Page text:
Microsoft could improve this experience by extending this remote functionality back to PC and Mac versions of Office, but it's an interesting start to Office on the Apple Watch. If Apple allows it in future, you could imagine controlling a PowerPoint by using gestures with your wrist. That might appeal to some businesses, but it's not enough on its own to justify the expense of an Apple Watch, especially as there are many wireless remotes available to control PowerPoint presentations that are a lot cheaper.

Skype Apple Watch


Microsoft redesigned Skype for iPhone last year to bring a simplified Windows Phone-like look and feel to its popular voice and video messaging app. It's one of Microsoft's best iPhone apps, with good performance, pretty animations, and a relatively simple user interface.

Extending Microsoft's Skype work to the wrist is a challenge. Skype has been struggling with its messaging interface and notifications, and most people I know who use the service still primarily use it for voice and video communications rather than text-based chats. While the Apple Watch doesn't have a camera, it does have a microphone. Unfortunately, Microsoft doesn't really make much use of it in Skype.

Skype Apple Watch 2

Sure, you can dictate messages, but you can't send audio or chat through the Apple Watch. That's probably a restriction by Apple until native apps are available, but it does kill the point of the app somewhat. There are text replies only with a selection of pre-defined messages or your own message through dictation, and there's also a number of Skype emoji at hand.

If you have recent messages, they'll show up right on the home screen of the Skype Apple Watch app, otherwise you'll get access to favorite contacts to continue a conversation or start a new one. It's all very basic, a common theme among Apple Watch apps, and it's not an app I've been using regularly because the experience is far superior on the phone.

Apple Watch OneNote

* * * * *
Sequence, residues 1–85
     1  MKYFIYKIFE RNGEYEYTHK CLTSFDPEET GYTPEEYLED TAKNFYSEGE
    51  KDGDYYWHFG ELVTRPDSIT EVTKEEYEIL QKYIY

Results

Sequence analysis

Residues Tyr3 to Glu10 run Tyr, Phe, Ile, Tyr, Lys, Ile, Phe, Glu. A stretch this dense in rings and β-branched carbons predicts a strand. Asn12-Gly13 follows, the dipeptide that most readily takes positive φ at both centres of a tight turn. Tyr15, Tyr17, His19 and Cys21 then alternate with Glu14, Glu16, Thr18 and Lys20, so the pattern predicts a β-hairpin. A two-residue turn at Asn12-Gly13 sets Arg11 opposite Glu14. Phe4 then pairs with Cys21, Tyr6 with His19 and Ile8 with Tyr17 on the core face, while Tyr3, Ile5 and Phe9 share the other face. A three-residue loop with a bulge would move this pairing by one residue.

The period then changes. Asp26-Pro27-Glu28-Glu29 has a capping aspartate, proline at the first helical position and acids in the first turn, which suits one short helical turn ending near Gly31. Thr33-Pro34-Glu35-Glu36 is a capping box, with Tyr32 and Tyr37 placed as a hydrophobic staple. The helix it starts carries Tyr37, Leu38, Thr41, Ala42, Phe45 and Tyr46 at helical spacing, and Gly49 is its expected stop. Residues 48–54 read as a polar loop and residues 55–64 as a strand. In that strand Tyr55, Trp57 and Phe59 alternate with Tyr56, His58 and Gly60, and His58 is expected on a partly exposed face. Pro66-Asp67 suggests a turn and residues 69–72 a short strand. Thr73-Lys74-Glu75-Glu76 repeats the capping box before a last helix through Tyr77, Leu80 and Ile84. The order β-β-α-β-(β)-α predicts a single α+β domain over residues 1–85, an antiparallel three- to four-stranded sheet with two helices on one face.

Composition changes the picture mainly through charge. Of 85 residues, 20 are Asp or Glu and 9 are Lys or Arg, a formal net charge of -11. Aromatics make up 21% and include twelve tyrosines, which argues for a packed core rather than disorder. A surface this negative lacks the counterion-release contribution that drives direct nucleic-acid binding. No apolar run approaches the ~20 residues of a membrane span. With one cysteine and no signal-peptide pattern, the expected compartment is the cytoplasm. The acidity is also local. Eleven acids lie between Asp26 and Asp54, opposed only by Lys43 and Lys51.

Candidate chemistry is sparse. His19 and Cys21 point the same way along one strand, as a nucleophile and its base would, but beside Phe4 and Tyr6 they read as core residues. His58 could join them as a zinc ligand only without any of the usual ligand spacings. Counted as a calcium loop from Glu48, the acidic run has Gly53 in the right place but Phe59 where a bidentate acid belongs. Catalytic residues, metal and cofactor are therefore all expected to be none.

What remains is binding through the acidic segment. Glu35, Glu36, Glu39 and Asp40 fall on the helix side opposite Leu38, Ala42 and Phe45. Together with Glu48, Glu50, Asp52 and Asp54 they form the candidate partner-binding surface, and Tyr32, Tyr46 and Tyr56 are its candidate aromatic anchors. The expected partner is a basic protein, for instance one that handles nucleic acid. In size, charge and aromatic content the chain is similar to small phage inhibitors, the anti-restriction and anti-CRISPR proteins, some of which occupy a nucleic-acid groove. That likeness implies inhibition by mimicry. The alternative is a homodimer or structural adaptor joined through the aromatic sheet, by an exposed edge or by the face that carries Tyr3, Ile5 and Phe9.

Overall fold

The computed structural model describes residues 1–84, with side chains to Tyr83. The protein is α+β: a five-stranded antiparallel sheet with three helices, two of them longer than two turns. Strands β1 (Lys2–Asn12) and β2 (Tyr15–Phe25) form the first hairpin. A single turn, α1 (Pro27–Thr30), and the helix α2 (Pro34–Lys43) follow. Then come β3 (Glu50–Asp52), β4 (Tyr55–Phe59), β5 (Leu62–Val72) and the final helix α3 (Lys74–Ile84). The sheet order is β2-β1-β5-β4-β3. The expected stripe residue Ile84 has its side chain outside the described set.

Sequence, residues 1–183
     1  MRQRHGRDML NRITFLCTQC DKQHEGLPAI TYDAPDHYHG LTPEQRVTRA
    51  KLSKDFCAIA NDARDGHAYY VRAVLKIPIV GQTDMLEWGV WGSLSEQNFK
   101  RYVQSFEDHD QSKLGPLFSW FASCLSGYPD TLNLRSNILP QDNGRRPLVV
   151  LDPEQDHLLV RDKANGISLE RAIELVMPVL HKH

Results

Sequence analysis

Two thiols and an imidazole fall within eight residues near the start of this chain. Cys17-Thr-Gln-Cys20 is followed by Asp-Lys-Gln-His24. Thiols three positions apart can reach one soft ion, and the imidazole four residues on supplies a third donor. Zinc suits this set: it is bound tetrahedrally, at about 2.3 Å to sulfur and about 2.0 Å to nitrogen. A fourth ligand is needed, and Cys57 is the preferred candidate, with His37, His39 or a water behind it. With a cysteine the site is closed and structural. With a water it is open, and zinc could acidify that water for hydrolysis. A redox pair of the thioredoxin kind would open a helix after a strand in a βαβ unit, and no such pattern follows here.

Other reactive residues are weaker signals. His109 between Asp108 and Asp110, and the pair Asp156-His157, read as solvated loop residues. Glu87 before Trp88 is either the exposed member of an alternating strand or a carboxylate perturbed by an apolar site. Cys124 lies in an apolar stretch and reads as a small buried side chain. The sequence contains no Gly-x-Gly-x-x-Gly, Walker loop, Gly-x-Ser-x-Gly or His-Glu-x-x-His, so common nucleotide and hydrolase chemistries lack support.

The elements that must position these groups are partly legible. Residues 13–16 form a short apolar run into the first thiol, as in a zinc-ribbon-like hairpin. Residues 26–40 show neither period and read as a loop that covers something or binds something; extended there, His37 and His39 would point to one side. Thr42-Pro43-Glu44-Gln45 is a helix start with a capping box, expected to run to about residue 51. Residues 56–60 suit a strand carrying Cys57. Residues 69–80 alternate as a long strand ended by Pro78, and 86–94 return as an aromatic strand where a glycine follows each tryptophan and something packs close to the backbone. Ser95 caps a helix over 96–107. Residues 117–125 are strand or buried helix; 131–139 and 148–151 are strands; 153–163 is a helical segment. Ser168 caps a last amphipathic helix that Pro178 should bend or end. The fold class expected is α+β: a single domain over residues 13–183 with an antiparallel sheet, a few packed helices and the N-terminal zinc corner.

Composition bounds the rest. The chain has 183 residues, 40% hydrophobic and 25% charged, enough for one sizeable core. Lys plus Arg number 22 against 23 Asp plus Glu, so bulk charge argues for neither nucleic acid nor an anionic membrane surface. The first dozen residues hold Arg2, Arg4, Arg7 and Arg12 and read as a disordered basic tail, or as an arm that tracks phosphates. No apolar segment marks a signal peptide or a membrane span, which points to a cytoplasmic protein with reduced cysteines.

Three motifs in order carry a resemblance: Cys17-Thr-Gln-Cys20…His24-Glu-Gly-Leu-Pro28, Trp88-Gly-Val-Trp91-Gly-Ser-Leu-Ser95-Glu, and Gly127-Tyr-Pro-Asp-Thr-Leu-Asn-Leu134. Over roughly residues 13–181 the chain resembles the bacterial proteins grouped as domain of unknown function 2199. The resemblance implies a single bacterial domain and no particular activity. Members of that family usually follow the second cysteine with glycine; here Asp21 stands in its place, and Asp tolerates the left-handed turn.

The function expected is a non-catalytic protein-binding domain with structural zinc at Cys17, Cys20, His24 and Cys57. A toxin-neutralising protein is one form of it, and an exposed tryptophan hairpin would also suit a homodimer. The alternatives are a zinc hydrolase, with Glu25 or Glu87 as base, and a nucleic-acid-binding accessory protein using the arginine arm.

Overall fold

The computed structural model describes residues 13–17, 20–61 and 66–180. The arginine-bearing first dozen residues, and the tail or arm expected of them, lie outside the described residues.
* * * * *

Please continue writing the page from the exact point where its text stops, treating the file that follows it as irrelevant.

I use OneNote every single day to manage to-do lists, or just take notes across my various devices that run Windows, iOS, Android, or OS X. It's everywhere, and that's exactly what makes it important to my workflow. When I heard Microsoft was bringing OneNote to the Apple Watch, I was slightly intrigued at the possibilities for taking notes on such a small screen or just reading them on the go.

Apple Watch OneNote 2

Like the rest of Microsoft's Apple Watch apps, OneNote is a fairly basic affair. The app lists all of your recent notes, and you can access and read them easily. If you're looking to find archived notes or ones from other subsections you might not have touched for years, then you'll either end up scrolling for a long time or giving up. It's really designed to access your most recently used notes, and that's probably enough for me on my wrist.

Unfortunately, taking notes is too basic. There's only one option to take a note through dictation, and you have no control over where it's stored in your OneNote or the ability to customize it heavily. I was hoping I might be able to scribble notes into OneNote on my wrist, rather like the way I can send sketches to friends who also own an Apple Watch. It's just text for now, and again this feels like an Apple restriction with what you can do with these basic apps right now.

If you're looking to edit or change OneNote notes on your Apple Watch, then you're out of luck. You can only view existing notes, or create new ones through dictation. Bullet or numbered lists aren't supported, and nor are photos, so it's just basic text notes for now. It's fine for quick notes, but for anything else I've just been grabbing my phone. That's the same for most Apple Watch apps I've tried, and Microsoft's apps don't really provide any killer apps to make this wearable worthwhile.